Loewy has been a passionate advocate for Reform Judaism, and said Gates of Prayer is a stronger congregation because of its connection to the movement. For evidence, he said, one need only look at December 2005, when he addressed the 5,000 delegates at the Reform biennial, talking about how the movement was sustaining the New Orleans community in its time of need after the storm.
“As your rabbi, it was the most challenging time I have faced, and perhaps the most fulfilling,” he said.
“A synagogue is not an island, but an integral part of a larger Jewish community,” Loewy said, noting that “we have made the West Esplanade corridor a model of respect and cooperation among Reform, Conservative, Orthodox and Chabad congregations, a model for the entire country.”
On Shabbat morning, a parade of Loewy’s former B’nai Mitzvah and Confirmands led the service, with Rabbi Judith Lazarus Siegal, who grew up at Gates of Prayer, giving the d’var Torah.
The morning was “all about you,” Loewy told the crowd.
The night before, Loewy related that because he had been asked, he counted that he’d done 430 baby namings and brisses, 172 weddings, 607 funerals, 80 conversions, with a little over 400 B’nai Mitzvah and Confirmation students.
The next morning, he added to the total as there was a baby naming during the Shabbat service.
While the numbers are interesting, he said, “It’s what they represent that is most important. Hundreds of personal connections.”
In introducing Siegal, Loewy said how meaningful it was to watch her grow “from Bat Mitzvah to colleague.”
Siegal, who heads Temple Judea in Coral Gables, Fla., spoke of the week’s portion, saying in this world, reward and punishment are not always dependent on one’s actions.
Because one is never sure if he or she will be rewarded or punished for actions, one has the opportunity to choose and “do the right thing because it is right, not for any reward or advantage.”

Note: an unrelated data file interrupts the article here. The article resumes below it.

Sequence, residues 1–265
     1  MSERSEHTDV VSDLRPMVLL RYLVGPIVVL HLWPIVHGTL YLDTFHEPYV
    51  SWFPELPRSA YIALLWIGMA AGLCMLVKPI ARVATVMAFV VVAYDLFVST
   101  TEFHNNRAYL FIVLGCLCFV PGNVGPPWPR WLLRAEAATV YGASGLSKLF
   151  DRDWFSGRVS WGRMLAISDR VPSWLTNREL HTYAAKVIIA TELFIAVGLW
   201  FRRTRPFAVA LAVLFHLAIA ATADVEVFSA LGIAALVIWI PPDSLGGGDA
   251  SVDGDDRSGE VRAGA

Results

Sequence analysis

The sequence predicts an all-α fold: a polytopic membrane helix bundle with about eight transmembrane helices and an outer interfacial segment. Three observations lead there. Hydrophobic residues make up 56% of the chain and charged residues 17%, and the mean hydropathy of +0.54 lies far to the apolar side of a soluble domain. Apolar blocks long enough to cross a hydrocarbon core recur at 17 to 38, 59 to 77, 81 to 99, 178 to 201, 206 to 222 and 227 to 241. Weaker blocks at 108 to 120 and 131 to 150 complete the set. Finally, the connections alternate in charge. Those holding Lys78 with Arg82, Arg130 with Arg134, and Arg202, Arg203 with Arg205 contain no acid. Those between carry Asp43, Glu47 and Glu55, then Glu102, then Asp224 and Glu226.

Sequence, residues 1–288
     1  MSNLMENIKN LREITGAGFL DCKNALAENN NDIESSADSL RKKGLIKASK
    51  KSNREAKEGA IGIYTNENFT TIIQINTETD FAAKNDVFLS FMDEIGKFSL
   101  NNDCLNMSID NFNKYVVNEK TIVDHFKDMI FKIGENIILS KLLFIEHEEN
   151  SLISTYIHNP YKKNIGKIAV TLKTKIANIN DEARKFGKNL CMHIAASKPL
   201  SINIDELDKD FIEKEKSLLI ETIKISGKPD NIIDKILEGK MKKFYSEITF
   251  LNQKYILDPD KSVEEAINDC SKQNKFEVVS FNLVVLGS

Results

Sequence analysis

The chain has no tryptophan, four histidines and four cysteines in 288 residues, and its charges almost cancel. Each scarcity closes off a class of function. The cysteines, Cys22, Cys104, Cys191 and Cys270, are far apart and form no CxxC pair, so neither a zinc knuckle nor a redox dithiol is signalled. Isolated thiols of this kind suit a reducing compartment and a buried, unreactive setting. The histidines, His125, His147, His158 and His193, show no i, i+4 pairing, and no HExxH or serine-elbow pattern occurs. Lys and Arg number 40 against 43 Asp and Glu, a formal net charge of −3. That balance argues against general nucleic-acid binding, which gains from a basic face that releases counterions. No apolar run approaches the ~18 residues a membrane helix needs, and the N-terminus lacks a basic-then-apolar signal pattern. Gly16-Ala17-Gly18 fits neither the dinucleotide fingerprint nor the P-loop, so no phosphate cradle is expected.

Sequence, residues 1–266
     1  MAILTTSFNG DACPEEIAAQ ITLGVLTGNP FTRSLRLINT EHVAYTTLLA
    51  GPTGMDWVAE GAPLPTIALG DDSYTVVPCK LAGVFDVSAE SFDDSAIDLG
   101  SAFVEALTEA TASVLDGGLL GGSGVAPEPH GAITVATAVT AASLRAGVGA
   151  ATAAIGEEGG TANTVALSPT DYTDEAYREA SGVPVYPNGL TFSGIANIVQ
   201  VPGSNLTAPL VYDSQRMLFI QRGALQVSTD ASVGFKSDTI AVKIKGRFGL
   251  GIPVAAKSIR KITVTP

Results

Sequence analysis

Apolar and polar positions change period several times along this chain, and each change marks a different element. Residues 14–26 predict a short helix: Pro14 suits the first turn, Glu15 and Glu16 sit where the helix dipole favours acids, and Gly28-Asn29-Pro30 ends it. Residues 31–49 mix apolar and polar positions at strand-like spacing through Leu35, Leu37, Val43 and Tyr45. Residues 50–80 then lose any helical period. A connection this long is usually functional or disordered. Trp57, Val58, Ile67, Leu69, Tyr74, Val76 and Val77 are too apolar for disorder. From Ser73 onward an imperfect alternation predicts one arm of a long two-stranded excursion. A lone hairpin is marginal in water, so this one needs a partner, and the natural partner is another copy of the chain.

Siegal commented, “What a perfect parsha to read and teach on this Shabbat as we honor our rabbi, who has led his life and taught all of us to lead our lives with the strong moral ethics taught in the Torah.”
She concluded with the top 10 things Loewy “has taught us,” citing his influence on countless people at Gates of Prayer, Jacobs Camp, the greater community and the Reform movement as a whole.
Siegal and Laibson then invited Loewy and his family onto the bimah to bless them with the priestly benediction.
The Shabbat service concluded with Debbie Friedman’s “Lechi Lach,” which Loewy said was related to his Bar Mitzvah portion, “Lech Lecha.” He also said Friedman was at Gates of Prayer in 1985, for his installation.
After the service, there was a congregational picnic at Lafreniere Park.
At the “Under the Jerusalem Stars” gala that evening, Rabbi David Widzer, Loewy’s son-in-law, led Havdalah with his children, Judah and Elisheva. Widzer serves Temple Beth El of Northern Valley in Closter, N.J.
Widzer tied the three blessings of Havdalah to aspects of Loewy’s time as rabbi, urging those in attendance to “share something special” with a neighbor before each blessing was sung.
The service marking the conclusion of Shabbat is “the service of separation,” he said, adding that this Havdalah would “mark the beginning of this separation of (Loewy’s) time between being rabbi and rabbi emeritus, recognizing what has been holy about our interactions with him, and what has been special about him and his role in our lives.”
Judah spoke of how wine brings sweetness to Havdalah, and asked attendees to talk about how Loewy “brought sweet blessings” to them.
Elisheva spoke of the variety of spices, saying “we have all had a variety of different experiences with Rabbi Loewy.”
With the candle, Widzer said, “we weave together all of the many blessings and all of the varied experiences that we have shared with Rabbi Loewy… Our world is brighter for the work that he has done and the relationships he has made.”